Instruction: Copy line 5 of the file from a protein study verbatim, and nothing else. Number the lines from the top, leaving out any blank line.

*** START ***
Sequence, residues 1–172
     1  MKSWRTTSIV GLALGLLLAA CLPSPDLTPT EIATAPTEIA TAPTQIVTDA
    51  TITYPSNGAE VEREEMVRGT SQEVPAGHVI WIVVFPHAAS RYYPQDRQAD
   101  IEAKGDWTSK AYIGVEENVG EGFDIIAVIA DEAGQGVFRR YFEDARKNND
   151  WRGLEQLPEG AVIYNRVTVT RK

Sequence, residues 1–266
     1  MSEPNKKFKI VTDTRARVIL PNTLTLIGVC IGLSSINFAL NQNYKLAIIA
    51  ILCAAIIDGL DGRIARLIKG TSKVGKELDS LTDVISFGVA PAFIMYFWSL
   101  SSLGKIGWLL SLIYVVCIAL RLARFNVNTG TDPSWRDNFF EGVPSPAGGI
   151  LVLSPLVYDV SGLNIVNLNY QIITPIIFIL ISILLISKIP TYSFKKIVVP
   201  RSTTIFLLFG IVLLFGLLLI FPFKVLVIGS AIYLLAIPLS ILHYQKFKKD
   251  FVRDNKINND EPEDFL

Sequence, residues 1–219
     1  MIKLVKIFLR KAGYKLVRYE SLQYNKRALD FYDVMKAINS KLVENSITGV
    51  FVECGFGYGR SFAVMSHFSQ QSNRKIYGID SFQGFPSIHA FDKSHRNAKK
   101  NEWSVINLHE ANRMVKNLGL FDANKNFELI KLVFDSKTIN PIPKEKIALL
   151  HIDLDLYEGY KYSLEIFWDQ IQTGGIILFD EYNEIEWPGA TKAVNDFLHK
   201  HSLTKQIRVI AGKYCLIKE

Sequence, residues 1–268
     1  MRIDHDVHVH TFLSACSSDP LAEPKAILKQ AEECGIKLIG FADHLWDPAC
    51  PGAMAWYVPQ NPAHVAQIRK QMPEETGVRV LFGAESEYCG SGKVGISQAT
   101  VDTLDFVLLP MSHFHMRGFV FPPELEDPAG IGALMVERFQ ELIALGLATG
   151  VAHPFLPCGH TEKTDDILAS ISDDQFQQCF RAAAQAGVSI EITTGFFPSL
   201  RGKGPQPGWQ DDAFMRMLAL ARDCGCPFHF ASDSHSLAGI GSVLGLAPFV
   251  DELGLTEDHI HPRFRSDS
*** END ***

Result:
   151  WRGLEQLPEG AVIYNRVTVT RK